Farmers, landowners and food producers have a once-in-a-generation opportunity to shape the future of English farming and the environment, with a consultation launched today (27 February) by Environment Secretary Michael Gove.
The consultation, titled Health and Harmony: The Future for Food, Farming and the Environment in a Green Brexit, runs for 10 weeks and is looking for views on:
- Options for how to gradually phase out direct payments, starting with the largest landowners, whilst developing a new environmental land management scheme.
- The range of public goods that could qualify for government funding under the new schemes, such as high animal welfare standards, wildlife protection, public access, and new technologies
- Measures to move away from heavy handed enforcement which penalises farmers for minor errors, including a more efficient inspection regime to uphold important environmental and animal welfare standards
- New business models and incentives for industry to invest in innovation and new technologies to increase their profitability.
The Environment Secretary Michael Gove said “As we leave the EU, we have a historic opportunity to deliver a farming policy which works for the whole industry. Today we are asking for the views of those who will be affected to make sure we get this right so any future schemes reflect the reality of life for famers and food producers. The proposals in this paper set out a range of possible paths to a brighter future for farming. They are the beginning of a conversation, not a conclusion and we want everyone who cares about the food we eat and the environment around us to contribute.”
Farm payments in 2019 will follow the existing model, and in the meantime, the government has pledged to simplify applications for farmers wishing to enter into existing schemes to provide environmental benefits such as Countryside Stewardship.
The consultation will run for ten weeks, closing on 8 May 2018.
The government’s proposals will see money redirected from direct payments under the Common Agriculture Policy (CAP), which are based on the amount of land farmed, to a new system of paying farmers “public money for public goods” - principally their work to enhance the environment and invest in sustainable food production. In line with its manifesto commitment, the government will continue to commit the same cash total in funds for farm support until the end of this Parliament in 2022.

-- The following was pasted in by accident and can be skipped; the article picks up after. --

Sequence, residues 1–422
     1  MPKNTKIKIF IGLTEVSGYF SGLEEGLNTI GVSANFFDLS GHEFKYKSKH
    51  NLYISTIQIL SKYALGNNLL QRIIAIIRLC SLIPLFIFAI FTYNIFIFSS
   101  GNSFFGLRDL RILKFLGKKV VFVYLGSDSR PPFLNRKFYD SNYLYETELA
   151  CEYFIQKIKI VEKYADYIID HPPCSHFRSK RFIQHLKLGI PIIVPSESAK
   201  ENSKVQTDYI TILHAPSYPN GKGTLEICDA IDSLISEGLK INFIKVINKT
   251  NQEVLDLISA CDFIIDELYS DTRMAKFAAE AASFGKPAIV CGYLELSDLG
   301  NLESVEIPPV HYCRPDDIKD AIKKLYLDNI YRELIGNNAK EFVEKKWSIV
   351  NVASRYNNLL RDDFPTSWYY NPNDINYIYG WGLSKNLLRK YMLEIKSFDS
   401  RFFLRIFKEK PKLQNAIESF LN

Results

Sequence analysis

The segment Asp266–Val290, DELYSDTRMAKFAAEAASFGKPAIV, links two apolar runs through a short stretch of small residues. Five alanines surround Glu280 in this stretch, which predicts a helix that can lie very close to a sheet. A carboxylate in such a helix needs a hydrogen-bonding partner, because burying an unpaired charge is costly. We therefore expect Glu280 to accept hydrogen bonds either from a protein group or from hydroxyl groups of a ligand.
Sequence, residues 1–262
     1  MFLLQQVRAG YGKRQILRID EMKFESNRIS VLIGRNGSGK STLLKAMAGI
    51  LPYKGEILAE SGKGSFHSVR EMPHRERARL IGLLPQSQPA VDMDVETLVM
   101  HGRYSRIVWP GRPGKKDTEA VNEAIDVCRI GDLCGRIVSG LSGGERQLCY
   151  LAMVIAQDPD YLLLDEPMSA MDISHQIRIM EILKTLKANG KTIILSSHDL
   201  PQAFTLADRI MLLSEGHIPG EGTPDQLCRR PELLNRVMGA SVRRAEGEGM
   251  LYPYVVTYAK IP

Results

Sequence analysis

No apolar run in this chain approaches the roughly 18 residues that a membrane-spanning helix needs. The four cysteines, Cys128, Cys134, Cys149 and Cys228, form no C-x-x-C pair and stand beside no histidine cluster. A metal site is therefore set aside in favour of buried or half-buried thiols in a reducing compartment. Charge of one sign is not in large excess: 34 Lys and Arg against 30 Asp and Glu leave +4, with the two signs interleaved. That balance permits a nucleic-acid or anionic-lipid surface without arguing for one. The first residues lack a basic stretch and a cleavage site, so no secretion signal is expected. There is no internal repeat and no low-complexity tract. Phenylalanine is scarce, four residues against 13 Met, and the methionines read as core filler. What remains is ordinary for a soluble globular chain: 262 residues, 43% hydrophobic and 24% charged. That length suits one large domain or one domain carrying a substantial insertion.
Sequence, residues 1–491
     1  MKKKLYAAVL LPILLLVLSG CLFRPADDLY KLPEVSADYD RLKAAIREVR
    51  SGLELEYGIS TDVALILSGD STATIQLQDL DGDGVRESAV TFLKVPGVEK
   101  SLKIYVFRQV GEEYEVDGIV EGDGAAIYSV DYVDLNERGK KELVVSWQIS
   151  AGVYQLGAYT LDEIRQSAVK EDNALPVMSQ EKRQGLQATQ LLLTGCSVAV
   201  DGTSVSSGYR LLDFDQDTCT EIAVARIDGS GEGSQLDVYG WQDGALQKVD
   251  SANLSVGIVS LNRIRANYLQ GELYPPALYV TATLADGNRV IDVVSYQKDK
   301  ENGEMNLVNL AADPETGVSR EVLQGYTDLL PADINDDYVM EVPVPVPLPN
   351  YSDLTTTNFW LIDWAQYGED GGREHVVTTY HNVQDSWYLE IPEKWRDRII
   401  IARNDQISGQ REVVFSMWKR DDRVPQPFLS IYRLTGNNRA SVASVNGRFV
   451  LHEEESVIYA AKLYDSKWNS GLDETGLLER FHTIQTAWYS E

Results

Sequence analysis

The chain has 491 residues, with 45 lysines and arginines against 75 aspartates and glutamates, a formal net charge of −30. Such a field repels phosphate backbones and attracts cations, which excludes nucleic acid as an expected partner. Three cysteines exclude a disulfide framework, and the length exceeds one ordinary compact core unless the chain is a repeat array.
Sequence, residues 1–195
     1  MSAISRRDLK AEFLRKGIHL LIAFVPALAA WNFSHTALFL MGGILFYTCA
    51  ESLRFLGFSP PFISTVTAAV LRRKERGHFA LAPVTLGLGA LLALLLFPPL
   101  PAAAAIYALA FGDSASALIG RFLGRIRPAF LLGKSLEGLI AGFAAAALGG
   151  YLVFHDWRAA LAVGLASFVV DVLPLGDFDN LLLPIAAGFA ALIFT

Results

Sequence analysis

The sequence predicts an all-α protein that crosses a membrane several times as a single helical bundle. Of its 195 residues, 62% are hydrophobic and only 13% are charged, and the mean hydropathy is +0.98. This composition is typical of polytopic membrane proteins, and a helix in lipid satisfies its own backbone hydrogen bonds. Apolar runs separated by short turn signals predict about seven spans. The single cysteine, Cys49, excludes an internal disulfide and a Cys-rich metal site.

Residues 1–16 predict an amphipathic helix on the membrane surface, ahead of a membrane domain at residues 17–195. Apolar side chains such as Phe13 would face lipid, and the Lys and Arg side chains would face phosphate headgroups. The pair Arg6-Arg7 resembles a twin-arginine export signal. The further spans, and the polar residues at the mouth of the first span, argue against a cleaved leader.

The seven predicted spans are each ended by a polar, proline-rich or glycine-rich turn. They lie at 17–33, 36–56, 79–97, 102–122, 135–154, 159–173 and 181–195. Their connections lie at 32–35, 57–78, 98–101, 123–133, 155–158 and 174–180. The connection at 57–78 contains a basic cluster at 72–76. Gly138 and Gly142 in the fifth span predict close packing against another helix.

Proposals include an ‘agricultural transition’ during which direct payments would continue, providing stability and certainty for farmers as they prepare for the new system. At the same time, however, reductions to direct payments to the largest landowners first could free up around £150 million in the first year of the agricultural transition period, which could be used to boost farmers delivering environmental enhancement and other public goods.
Director of policy and the Allerton Project, Alastair Leake has welcomed the proposal.
He said: “Across Europe politicians agree that the Common Agricultural Policy (CAP) needs reform. As the UK leaves the EU we have the exciting opportunity to lead the way on how this can be best achieved. Defra must be congratulated for starting an open consultation as we review our options, and early indications are positive. The GWCT supports the re-direction of payments to reward farmers, who manage over 70% of our countryside, for the work they carry out for the benefit of wildlife and the environment.”
Notes to editors
The Game & Wildlife Conservation Trust – providing research-led conservation for a thriving countryside. The GWCT is an independent wildlife conservation charity which has carried out scientific research into Britain’s game and wildlife since the 1930s. We advise farmers and landowners on improving wildlife habitats. We employ 22 post-doctoral scientists and 50 other research staff with expertise in areas such as birds, insects, mammals, farming, fish and statistics. We undertake our own research as well as projects funded by contract and grant-aid from Government and private bodies. The Trust is also responsible for a number of Government Biodiversity Action Plan species and is lead partner for grey partridge and joint lead partner for brown hare and black grouse.
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